Luis Severino knows exactly what he’s up against.
But facing Gerrit Cole, the best pitcher in baseball during the final 2 ½ months of the season, in Game 3 of the American League Championship Series on Tuesday afternoon at the Stadium doesn’t change his approach.
“For me, it doesn’t matter,” Severino said Monday. “ I want to go out there and get zeros for my team. Doesn’t matter if it’s [Justin] Verlander, Cole or Zack Greinke; I want to go out there and give my best.”
Severino, presumably, will have to put up plenty of zeros.
Cole went 20-5 with a 2.50 ERA and 326 strikeouts in 212 1/3 innings this season. He went 11-0 with a 1.51 ERA in his last 13 regular-season starts, striking out 143 and walking 16 in 89 2/3 innings in that stretch, and has gone 18-0 in his last 24 starts, including the postseason.
If there were an ALDS MVP award, he would have won it, going 2-0 with a 0.57 ERA and a 0.57 WHIP in two starts in Houston’s five-game victory over the Rays. Cole struck out 25, walked three and allowed six hits in 15 2/3 innings.
While acknowledging the obvious about Cole and in no way diminishing the other-worldly roll that the Houston righthander is on, Severino reiterated his initial comment.
“I don’t need to go out there and strike out 15 people, I just need to go out there and throw a good game,” he said. “Even if somebody else was pitching tomorrow, I was going to go out there and try to bring my ‘A’ game out there. It doesn’t matter who’s pitching, I’m going to try to go out there and win the game for the Yankees.”
The game is, of course, pivotal for both teams with the series tied at 1-1. The Yankees won the opener at Minute Maid Park, 7-0, before falling, 3-2, in 11 innings Sunday night.
Severino already has had his share of postseason experiences in his young career, some good and some not so good. An example of the former came in the clinching Game 3 of this year’s Division Series against the Twins when he threw four scoreless innings against the Twins at Target Field, escaping a bases-loaded, none-out jam in the second.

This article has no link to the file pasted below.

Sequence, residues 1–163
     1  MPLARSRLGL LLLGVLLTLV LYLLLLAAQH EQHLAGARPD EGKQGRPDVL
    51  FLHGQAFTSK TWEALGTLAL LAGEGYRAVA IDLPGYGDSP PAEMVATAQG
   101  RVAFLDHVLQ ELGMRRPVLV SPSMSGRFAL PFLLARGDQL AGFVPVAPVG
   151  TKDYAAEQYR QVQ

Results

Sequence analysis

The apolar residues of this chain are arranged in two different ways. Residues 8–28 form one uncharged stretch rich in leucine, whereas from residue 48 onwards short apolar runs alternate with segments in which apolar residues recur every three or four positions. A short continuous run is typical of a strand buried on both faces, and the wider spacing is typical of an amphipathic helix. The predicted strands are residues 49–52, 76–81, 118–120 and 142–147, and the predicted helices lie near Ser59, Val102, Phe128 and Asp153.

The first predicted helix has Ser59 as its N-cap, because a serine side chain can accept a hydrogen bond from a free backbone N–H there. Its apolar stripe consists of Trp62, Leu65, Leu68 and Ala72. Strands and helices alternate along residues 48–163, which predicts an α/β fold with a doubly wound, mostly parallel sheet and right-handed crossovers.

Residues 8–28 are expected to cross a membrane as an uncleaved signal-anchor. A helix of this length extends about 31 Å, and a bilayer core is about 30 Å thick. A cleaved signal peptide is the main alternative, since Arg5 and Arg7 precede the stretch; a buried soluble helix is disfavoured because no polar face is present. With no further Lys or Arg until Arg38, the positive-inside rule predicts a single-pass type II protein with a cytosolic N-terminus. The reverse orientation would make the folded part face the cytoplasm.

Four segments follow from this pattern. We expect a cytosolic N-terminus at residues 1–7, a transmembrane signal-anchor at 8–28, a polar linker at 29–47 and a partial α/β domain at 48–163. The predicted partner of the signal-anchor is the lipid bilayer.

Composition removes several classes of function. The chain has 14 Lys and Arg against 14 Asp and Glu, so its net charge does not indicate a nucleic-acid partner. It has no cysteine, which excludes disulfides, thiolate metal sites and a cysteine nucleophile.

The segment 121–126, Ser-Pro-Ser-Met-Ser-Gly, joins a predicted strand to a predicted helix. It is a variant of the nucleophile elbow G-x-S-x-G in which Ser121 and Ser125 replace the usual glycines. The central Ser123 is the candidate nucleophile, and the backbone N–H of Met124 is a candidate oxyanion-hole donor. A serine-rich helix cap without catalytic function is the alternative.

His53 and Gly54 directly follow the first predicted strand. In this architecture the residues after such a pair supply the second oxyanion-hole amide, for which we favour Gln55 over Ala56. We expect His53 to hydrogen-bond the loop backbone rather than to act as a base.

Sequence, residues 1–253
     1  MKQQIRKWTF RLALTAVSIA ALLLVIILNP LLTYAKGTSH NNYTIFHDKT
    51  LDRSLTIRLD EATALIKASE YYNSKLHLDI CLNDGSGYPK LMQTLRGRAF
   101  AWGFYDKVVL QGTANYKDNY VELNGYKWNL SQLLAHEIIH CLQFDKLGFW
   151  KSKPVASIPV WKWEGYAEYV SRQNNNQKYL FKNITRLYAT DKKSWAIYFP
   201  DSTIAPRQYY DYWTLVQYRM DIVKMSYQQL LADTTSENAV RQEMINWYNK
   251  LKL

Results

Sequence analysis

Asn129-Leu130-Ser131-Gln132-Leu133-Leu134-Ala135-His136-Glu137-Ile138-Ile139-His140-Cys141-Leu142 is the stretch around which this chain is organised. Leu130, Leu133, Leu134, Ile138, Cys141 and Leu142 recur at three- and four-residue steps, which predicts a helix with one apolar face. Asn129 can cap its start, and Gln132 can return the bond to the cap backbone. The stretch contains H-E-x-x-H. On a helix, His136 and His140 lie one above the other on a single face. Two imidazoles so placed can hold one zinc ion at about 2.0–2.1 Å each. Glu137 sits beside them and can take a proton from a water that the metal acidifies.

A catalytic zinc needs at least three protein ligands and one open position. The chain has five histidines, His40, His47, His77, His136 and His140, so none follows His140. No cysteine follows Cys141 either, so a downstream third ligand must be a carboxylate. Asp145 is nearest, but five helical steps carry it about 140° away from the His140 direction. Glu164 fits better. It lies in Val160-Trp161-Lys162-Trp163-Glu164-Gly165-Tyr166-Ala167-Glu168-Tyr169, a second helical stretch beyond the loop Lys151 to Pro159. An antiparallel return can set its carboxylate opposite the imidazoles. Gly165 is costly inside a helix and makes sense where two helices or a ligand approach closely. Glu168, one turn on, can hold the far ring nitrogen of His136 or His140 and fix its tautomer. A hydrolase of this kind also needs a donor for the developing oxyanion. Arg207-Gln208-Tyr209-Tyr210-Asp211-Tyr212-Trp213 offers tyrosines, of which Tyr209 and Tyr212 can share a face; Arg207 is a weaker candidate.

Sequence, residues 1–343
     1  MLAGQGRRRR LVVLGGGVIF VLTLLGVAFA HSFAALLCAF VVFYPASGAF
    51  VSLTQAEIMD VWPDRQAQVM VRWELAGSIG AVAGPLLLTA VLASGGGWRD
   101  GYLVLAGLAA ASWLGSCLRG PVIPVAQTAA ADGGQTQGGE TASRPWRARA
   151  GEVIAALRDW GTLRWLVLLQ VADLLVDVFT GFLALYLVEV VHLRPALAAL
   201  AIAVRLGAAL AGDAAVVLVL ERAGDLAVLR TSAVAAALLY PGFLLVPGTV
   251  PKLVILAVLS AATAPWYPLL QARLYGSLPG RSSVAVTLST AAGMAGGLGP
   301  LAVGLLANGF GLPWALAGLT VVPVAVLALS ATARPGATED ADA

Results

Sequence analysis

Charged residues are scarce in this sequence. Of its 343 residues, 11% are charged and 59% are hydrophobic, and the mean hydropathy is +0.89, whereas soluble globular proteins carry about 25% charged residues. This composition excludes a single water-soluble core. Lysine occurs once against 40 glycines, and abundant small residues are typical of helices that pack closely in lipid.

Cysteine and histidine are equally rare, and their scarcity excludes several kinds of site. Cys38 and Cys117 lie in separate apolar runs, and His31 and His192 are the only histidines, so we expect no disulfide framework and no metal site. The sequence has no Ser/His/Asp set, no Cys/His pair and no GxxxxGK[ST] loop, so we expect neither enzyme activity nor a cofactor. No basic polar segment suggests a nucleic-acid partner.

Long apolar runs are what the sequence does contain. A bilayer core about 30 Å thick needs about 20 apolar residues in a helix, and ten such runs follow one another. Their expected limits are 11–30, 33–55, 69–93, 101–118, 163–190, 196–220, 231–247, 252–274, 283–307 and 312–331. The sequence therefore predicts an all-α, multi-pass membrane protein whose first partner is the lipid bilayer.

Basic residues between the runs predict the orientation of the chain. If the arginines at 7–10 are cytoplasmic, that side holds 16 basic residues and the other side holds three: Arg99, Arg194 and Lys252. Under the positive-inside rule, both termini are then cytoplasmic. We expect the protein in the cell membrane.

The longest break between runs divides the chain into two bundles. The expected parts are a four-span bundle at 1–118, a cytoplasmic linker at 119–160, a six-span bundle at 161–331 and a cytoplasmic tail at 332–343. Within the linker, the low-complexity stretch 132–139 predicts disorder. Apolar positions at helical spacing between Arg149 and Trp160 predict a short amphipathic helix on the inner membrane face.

An example of the not-so-good was Game 3 of last year’s ALDS loss to the Red Sox. He allowed six runs and seven hits in three innings.
“What I learned is sometimes you have to block everything out,” said Severino, 1-2 with a 5.33 ERA in seven career postseason starts. “Worry about the hitters, not worry about the noise from the fans or anything else. You have to worry about making good pitches. You go out there and have good games.”
Severino’s journey to this postseason was an odd one, to say the least.
He started the season on the injured list with right shoulder inflammation, suffered a severe lat strain while rehabbing the shoulder and did not made it back until mid-September.
Severino made three starts before the end of the regular season, going 1-1 with a 1.50 ERA and striking out 17 in 12 innings, showing enough to Aaron Boone and the Yankees to make them consider him a viable October option.
The Astros, obviously, are confident about their Game 3 pitcher. So are the Yankees.
“You’ve got to be able to handle situations, handle the moment, handle adversity, handle success on the fly,” Boone said. “And the one thing about Sevy is I feel like he’s been through a lot as a young major-leaguer; lots of success, some bumps in the road, some stumbles, an injury now this year. Postseason experiences where he’s fallen down, where he’s come back and dealt. So I think hopefully all those things equip him well heading into tomorrow. I feel like he’s very equipped to go out there. Whatever the result ends up being, he’s in command of the moment.”